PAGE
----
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Oak Foliar Diseases in the Midwest


Oak trees make up a large part of our native tree canopy and ecosystems in Illinois and the Midwest. Oaks are also some of the longest-lived trees in our environment, sometimes surviving for half a millennium. With their longevity, oaks also become an ecosystem upon themselves, serving as a host and food source for various animals, insects, and microbes. However, not all these organisms are benign. In this post, we’ll outline some common leaf pathogens that may be causing the leaves on our oak tree to look scorched, distorted, or browning.

Leaf Scorching: A Common Plight

Leaf scorching is a prevalent issue among oak trees, particularly in the latter months of summer. The fresh leaves that emerge in the spring undergo a full life cycle, eventually becoming hosts for various pathogens as the season progresses. Scorching often appears as browning on the leaves, initiating either at the outer edges, the petiole (stem) of the leaf, or within the leaf’s veins.

Environmental factors such as temperature, drought, humidity, and the heat island effect caused by pavement can contribute to leaf scorching. Herbicide application can lead to leaf cupping or distortion. Additionally, bacterial or fungal infections can also cause leaf scorching.

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(Symptoms of herbicide leaf distortion on nursery-grown oak)


(More herbicide drift damage causing severe cupping and scorching on this nursery-grown red oak)

The Threat of Oak Wilt

Oak wilt is a recently identified fungal pathogen in our region that can bring about rapid and drastic declines in urban trees. This disease is characterized by the sudden, consistent browning of leaves from their tips, typically affecting one branch or limb at a time. Streaking beneath the bark of infected branches is a telltale sign. Oak wilt is spread by small insects and transmitted to new tree wounds, underscoring the importance of avoiding oak pruning during the growing season.

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When severe infection sets in, treatment options for oak wilt may be limited. However, a systemic application of fungicide can help prevent infection. The disease can also spread through underground root grafts between trees, making air spade root pruning a viable option to prevent healthy trees from succumbing to infection. In such cases, a laboratory test is essential to confirm or rule out the presence of oak wilt.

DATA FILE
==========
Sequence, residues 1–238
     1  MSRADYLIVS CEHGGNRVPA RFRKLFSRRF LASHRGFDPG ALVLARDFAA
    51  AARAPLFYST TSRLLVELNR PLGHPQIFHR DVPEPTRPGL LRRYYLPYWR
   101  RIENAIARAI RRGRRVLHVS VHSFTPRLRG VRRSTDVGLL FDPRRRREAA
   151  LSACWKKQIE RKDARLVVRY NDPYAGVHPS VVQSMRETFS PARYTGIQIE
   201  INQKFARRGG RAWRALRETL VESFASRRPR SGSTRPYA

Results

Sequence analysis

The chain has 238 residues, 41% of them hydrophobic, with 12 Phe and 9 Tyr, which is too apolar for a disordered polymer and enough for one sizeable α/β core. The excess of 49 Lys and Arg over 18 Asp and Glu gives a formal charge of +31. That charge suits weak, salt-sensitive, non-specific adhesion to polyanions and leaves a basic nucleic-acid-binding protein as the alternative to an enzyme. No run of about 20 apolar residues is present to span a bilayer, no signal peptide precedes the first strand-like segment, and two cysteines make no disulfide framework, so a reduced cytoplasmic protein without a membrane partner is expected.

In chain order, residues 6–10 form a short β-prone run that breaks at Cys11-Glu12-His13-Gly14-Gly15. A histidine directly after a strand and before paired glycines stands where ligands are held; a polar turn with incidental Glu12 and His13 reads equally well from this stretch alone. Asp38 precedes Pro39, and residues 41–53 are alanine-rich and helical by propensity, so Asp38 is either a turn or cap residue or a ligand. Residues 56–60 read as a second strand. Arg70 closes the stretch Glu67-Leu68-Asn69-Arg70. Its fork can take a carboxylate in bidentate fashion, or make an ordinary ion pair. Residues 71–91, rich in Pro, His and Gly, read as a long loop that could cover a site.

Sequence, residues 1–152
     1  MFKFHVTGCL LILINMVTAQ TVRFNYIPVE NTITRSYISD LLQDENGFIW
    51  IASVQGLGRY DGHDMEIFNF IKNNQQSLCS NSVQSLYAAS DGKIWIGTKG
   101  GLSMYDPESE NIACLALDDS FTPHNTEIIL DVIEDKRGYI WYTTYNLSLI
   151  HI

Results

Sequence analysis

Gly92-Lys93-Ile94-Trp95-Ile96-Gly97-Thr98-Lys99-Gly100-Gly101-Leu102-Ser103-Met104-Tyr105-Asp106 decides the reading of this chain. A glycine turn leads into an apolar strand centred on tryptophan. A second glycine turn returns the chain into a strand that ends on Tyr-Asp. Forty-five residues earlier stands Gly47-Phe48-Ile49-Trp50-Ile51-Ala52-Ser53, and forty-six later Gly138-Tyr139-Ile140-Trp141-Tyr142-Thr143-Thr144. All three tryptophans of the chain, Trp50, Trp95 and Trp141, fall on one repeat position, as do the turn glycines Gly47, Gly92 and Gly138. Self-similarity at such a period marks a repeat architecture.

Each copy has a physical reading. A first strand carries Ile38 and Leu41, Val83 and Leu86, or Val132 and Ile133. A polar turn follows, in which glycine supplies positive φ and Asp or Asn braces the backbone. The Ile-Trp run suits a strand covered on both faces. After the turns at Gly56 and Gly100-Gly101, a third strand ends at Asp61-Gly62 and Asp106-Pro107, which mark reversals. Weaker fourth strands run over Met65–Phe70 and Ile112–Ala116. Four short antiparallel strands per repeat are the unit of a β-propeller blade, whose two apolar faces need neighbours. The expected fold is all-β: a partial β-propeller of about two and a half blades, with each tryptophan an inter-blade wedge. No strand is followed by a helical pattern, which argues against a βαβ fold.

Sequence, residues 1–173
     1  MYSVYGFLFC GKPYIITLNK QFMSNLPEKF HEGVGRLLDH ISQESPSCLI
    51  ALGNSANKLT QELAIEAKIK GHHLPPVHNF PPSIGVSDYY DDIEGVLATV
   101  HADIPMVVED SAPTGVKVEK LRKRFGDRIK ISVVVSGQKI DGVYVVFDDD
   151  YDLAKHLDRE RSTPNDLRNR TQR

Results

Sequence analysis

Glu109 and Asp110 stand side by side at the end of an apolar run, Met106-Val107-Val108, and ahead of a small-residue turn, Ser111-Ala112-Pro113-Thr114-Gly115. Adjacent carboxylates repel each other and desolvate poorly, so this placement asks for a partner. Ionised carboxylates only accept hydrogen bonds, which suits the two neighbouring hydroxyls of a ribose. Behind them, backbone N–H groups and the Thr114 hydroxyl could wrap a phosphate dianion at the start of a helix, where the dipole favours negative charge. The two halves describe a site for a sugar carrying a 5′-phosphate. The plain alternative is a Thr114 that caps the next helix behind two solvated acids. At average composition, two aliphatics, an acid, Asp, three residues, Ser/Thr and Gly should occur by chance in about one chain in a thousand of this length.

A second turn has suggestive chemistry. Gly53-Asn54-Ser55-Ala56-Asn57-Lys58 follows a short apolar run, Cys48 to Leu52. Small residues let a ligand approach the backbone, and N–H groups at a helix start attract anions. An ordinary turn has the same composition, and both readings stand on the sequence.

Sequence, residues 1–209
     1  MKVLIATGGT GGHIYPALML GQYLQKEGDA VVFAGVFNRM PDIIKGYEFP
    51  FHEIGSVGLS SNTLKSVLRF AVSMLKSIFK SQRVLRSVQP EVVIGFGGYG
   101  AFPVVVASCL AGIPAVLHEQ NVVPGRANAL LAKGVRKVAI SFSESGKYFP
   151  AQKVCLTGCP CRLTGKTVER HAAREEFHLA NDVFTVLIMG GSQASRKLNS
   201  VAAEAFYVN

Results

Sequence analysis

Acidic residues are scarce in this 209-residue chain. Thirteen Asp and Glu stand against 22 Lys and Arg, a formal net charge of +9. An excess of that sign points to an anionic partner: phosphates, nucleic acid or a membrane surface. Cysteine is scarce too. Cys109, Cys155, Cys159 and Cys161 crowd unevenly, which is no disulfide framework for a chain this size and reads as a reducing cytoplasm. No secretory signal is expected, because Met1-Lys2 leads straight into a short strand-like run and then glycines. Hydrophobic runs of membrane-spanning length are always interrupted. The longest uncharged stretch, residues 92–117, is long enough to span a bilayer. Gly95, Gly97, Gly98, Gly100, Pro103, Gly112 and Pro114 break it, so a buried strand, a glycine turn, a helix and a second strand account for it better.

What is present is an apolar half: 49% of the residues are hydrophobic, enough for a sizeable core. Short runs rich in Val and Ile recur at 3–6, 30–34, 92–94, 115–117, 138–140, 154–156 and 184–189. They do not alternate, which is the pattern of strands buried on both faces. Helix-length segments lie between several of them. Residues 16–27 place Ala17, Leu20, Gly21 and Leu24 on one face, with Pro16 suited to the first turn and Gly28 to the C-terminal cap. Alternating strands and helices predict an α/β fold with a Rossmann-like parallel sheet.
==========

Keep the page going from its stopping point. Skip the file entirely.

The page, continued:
Bacterial Leaf Scorch: A Stealthy Intruder

Bacterial leaf scorch is caused by Xyella fastidiosa, a bacterium that usually initiates scorching from the leaf edges and progresses inwards. Unlike fungal pathogens like oak wilt, bacterial leaf scorch does not result in streaking within vascular tissues. Diagnosis can be challenging, often necessitating laboratory testing for confirmation. To manage oak leaf scorch, good cultural practices, including proper pruning to maintain canopy health, mulching, and appropriate watering during drought periods, are essential. As with oak wilt, a laboratory test is necessary to confirm the presence of the bacterium.

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(Possible leaf scorch symptoms, beginning from the margins of the leaf and moving inwards)


(A lack of vascular streaking can help rule out fungal pathogens such as oak wilt)

Leaf Anthracnose: A Cosmetic Nuisance

The final biological pathogen we explore in this post is leaf anthracnose. Arborists employ this term to describe a range of symptoms in various types of trees, and oaks are not exempt. Symptoms often include leaf cupping and distortion, typically beginning in the lower regions of the tree and moving upward. This pathogen thrives in moist, warm conditions and can be more pronounced in years with wet springs and later during the summer months. While anthracnose is generally not detrimental to tree health, it can be unsightly. Effective control measures include cultural practices such as pruning for improved airflow and proper mulching and fertilizing to enhance plant health and vigor.

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(Leaf distortion and “cupping” may be symptomatic of anthracnose or other environmental factors)

These are some common and important to understand oak foliar diseases in Illinois, but this is not an exhaustive list. If you see odd leaf damage or symptoms on your oak tree, our plant health care team can work with you to manage and mitigate existing infections and help diagnose what may be going on.

The health and vibrancy of your oak trees are vital to the overall beauty and balance of your environment. When faced with the daunting prospect of foliar diseases, it’s best to rely on the expertise and experience of our team at Homer Tree Care. Reach out to us today for an assessment and professional plant health care services. We’re here to ensure the continued well-being of your cherished oak trees.

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